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Lotus Development's `1-2-3' software proves hard act to follow

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The problem with success is that everyone starts asking, ``What will you do for an encore?'' And if you don't have an answer, things can get very hot very fast. That's what has happened to Lotus Development Corporation, known as the IBM of software because its key product, the accounting spreadsheet ``1-2-3,'' dominates the industry. After revenues tripled in 1984 to $157 million from $53 million the year before, and earnings more than doubled, Lotus's breathless pace screeched to a halt. Last week it announced that profits last quarter were 30 percent below the same quarter last year.

Lotus's problems come back to the old encore question. ``They're working hard to find new ways to grow, and have had some disappointments,'' says William Zachmann, vice-president of research at International Data Corporation. ``They don't have a really killer second product.''

After 1-2-3 topped the best-seller charts 21/2 years ago, (a position it still holds), everyone began asking what Lotus would come up with next. It soon introduced Symphony, a variation on the 1-2-3 theme with word processing and communications thrown in. That met with fair success, but investors and customers were looking for something radically different, something revolutionary.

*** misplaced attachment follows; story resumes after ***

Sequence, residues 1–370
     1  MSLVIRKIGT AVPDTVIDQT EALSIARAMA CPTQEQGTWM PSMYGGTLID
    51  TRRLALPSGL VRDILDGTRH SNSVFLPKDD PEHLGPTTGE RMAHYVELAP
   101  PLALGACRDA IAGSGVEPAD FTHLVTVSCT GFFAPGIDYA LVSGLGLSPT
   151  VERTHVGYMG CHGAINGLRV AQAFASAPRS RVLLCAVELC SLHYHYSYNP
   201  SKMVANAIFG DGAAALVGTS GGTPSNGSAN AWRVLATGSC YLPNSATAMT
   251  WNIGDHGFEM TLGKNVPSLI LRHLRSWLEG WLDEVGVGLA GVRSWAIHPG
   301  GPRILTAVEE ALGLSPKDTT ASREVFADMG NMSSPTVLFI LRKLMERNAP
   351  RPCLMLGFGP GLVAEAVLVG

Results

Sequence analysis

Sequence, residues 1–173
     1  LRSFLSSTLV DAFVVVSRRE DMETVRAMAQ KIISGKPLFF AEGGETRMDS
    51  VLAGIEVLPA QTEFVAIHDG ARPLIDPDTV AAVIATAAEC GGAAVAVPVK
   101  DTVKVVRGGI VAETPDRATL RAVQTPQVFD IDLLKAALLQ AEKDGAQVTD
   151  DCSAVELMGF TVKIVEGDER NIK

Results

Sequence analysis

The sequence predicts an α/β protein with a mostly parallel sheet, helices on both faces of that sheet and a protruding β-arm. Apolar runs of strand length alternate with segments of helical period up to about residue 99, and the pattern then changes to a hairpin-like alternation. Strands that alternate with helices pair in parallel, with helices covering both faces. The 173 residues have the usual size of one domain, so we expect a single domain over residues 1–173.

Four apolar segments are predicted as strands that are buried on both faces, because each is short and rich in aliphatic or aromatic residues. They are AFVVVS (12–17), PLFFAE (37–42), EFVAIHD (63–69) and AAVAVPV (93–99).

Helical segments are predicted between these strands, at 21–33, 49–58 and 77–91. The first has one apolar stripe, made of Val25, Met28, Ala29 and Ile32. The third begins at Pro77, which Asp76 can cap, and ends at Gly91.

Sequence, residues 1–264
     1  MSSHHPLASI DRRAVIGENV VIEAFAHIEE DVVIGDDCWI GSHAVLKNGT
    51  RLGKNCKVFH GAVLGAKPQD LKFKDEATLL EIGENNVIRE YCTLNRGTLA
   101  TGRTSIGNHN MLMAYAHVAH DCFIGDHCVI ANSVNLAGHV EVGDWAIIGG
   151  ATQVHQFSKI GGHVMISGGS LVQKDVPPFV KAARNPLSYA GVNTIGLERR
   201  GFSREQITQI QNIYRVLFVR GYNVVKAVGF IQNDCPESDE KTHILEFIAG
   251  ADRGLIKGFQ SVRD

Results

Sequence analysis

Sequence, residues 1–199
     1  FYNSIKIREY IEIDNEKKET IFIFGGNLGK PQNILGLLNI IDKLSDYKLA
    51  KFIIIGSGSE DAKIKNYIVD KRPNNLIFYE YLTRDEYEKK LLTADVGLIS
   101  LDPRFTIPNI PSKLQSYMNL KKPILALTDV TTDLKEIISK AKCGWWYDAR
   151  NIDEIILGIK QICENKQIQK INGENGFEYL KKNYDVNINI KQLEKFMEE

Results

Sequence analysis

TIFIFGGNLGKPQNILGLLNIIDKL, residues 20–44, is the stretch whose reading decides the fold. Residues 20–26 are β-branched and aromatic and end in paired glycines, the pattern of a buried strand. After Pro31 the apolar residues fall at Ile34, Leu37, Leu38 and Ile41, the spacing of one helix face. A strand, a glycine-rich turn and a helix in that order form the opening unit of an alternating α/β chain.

So it released Jazz last spring, the equivalent of Symphony, to run on Apple's Macintosh personal computer. When the Mac didn't ``boogie,'' neither did Jazz. The discontent from Wall Street grew louder.

Lotus's newest offering, first shipped earlier this month, is something different. ``Signal'' allows a personal computer user to get stock market information via FM radio signals. But some analysts are concerned that Signal is aimed at too narrow a market (mainly small brokerage firms and financial advisers). It certainly does not have the breadth of a 1-2-3.

On top of these rather tepidly received products, Lotus stumbled into a glitch for the first time. The company, known for its care in getting out ``bugs'' in programs before releasing them, had to recall its new version of Symphony last month because it wipes out data. Lotus was counting on the sales of Symphony 1.1 to prop up earnings. The only other major offering this year is a new version of 1-2-3.


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